Special Counsel Robert Mueller, who heads the investigation into Russia’s interference in the latest US presidential election, has taken an interest in a donation made by Ukrainian businessman Viktor Pinchuk. This is stated in a piece published by the American newspaper The New York Times, reports Ukrinform. Pinchuk’s contribution has turned out to be the largest the Trump Foundation received in the whole of 2015 from any outside donor.
“Investigators subpoenaed the Trump Organization this year for an array of records about business with foreign nationals. In response, the company handed over documents about a $150,000 donation that the Ukrainian billionaire, Viktor Pinchuk, made in September 2015 to the Donald J. Trump Foundation in exchange for a 20-minute appearance by Mr. Trump that month through a video link to a conference in Kyiv,” says the article.
The payment from Pinchuk “is curious because it comes during a campaign and is from a foreigner and looks like an effort to buy influence,” the publication quoted a former head of one of the tax divisions overseeing tax-exempt organizations. He called the donation “an unusual amount of money for such a short speech.”
Pinchuk is the son-in-law of a former president of Ukraine, Leonid Kuchma, who was criticized for corruption, nepotism, and the murders of dissident journalists, the article clarifies. Pinchuk himself has been involved in illegally dumping steel on the US market at artificially low prices, and made multi-million contributions to the Clinton Foundation since 2006.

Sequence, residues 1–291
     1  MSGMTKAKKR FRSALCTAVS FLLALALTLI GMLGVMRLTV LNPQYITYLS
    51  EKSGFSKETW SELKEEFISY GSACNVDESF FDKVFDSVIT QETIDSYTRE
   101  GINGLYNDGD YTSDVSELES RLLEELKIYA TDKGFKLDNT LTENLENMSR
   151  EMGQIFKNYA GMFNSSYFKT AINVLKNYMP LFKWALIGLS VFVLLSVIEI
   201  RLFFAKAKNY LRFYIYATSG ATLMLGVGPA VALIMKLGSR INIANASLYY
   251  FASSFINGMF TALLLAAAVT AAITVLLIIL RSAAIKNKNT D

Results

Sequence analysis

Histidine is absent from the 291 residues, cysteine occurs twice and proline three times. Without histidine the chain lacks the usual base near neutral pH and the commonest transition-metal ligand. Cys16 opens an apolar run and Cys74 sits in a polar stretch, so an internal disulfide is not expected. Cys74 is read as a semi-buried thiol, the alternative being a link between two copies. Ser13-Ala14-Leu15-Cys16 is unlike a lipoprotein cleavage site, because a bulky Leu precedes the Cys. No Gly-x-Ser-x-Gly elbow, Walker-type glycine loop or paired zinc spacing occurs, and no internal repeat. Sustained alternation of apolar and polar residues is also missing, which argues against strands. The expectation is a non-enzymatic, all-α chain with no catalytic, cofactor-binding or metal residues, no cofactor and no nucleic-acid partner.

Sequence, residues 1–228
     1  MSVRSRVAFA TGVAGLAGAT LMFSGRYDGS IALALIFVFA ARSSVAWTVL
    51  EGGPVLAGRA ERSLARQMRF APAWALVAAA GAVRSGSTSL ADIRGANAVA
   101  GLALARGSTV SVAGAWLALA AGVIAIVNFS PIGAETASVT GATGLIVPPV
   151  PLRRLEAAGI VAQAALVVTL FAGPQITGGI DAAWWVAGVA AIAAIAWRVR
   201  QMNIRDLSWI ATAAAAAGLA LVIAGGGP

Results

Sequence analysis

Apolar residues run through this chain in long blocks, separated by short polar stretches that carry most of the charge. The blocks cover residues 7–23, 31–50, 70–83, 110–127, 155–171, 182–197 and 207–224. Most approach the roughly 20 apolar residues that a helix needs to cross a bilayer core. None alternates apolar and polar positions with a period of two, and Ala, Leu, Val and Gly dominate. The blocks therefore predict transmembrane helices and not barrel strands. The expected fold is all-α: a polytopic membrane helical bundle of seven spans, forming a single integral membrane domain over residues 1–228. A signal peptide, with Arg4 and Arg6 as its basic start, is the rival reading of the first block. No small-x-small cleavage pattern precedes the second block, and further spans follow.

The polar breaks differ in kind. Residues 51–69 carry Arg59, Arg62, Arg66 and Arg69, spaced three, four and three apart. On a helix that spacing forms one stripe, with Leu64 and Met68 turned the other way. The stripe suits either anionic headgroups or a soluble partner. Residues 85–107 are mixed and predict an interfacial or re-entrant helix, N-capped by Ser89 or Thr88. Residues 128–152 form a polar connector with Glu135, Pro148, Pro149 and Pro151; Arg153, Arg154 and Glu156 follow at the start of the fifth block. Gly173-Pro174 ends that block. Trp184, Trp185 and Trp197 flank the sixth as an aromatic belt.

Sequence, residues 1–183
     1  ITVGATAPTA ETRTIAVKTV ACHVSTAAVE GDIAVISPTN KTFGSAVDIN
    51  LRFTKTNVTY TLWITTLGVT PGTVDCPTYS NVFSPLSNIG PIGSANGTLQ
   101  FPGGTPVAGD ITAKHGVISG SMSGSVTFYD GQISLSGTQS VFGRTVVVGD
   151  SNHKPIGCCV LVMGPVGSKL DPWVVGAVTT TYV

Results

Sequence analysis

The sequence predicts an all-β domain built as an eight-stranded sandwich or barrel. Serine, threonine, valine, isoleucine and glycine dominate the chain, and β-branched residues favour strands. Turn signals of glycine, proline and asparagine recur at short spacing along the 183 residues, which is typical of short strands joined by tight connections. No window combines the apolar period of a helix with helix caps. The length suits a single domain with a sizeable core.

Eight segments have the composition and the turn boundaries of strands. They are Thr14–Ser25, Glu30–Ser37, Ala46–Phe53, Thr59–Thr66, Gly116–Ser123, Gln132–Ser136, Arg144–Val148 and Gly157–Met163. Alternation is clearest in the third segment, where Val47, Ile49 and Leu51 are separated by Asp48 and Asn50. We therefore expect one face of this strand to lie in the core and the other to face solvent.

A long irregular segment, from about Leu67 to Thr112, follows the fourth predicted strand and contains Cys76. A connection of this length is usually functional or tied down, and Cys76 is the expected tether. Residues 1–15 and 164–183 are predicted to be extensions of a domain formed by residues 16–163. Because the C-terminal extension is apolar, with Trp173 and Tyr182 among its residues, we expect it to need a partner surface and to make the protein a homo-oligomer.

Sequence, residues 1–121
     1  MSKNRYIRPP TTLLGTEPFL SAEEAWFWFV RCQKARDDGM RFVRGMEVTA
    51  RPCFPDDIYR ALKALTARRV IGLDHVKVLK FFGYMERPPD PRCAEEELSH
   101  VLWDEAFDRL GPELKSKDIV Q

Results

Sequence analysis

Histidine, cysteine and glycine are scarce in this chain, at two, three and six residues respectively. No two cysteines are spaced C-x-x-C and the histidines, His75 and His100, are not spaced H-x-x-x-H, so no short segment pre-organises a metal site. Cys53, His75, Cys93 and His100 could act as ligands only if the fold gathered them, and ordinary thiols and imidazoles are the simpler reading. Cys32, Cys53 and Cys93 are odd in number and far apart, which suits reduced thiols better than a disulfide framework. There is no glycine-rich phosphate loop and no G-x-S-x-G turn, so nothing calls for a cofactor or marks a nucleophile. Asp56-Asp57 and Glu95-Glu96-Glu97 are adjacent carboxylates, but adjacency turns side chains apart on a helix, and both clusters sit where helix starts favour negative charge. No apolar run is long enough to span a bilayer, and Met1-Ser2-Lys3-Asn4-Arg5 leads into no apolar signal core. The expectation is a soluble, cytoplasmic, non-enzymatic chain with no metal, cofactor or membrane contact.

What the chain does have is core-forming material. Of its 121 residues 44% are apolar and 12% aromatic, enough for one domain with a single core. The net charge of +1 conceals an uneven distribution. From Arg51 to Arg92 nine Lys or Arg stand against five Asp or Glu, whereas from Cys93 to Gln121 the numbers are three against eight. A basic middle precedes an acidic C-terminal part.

We asked president of the Strategy XXI Center for Global Studies Mykhailo HONCHAR:
What does Pinchuk’s name appearing in Mueller’s investigation mean?
“The American justice system has long been interested in individual Ukrainian oligarchs. The first person to be directly affected was Dmytro Firtash. We saw this long fight for extradition to the US, and even after the administration has changed, the demands have remained. Another such oligarch is Viktor Medvedchuk. Yes, he may be of lower caliber than Rinat Akhmetov, Pinchuk or Firtash, but he has also been in the sights for a long time and on the sanction list since 2014. I think the American administration noticed long ago that among those known as Ukrainian oligarchs, a number of them are only nominally such, as they are, so to say, only listed as resident here. In fact, they are in the orbit of the Kremlin. And through them, Russia exercises proxy influence both upon Ukraine and upon the West. Akhmetov, of course, is in this orbit.